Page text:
DWIGHT TODAY An Alumni Magazine for the Dwight, Franklin, and Anglo-American Community Dwight is an IB World School
Alumni Around the World
Also in This Issue: Alumni celebrate Reunion Weekend 2010 Alumni gather for the first Dwight Holiday Party
Volume 8 Number 1
is Your Graduation?
The Dwight School is proud to announce that commencement exercises will once again be held at
the Metropolitan Museum of Modern Art. May 26, 2011, 2:00pm
From the Editor dwight today
Dwight Today is a publication serving the entire Dwight community, which includes current students and their families, as well as alumni and friends of the Dwight, Franklin, and Anglo-American Schools. Its purpose is to inform you of exciting news from our school today as well as from members of our community. Our goal is to keep you connected to the spirit of Dwight. We welcome your feedback and suggestions. Please address all correspondence to the Editor, Dwight Today, The Dwight School, 291 Central Park West, New York, NY 10024, or you can email us at email@example.com.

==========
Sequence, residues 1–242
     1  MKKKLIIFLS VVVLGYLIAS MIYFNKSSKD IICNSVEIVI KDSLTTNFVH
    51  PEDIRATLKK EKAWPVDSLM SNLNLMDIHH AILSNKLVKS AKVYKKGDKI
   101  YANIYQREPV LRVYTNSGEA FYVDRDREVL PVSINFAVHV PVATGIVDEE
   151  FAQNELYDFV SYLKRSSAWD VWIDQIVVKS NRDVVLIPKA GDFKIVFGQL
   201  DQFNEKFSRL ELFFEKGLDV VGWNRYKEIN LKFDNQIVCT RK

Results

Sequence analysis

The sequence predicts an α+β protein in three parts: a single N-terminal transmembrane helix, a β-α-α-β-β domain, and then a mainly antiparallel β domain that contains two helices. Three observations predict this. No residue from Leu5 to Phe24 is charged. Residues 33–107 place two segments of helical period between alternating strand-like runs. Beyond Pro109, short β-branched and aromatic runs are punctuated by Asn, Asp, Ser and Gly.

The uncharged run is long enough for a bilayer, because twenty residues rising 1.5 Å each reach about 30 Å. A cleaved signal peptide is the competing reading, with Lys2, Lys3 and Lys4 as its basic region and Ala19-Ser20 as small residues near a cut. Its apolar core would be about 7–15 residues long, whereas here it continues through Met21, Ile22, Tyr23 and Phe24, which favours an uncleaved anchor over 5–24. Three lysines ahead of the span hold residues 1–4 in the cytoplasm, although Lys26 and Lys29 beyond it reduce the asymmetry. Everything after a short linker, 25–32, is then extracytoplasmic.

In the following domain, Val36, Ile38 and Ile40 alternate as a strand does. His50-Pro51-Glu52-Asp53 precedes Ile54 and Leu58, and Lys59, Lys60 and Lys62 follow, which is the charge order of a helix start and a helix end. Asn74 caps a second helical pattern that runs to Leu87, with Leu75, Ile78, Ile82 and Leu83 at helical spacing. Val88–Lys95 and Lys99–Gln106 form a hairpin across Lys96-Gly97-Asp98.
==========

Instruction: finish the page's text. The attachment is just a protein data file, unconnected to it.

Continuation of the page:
Chancellor Stephen H. Spahn Editor-in-Chief Rachael Bennett Director of Communications Editorial Staff Kari Loya Director of Development Kristin Pate Director of Alumni Affairs Graphic Design Audrey Miller Director of Creative Design Proofreaders Mary Abdullah Jacqueline Leitzes Christine Lippman Caroline Walsh Photographers © 2010 Bellamy Blue Rachael Bennett Michele Hoos Victoria Jackson Kristin Pate Piotr Redlinski Stan Schnier Printing Queen City Printers Inc., Burlington, VT, environmentally certified to the Forest Stewardship Council Standard.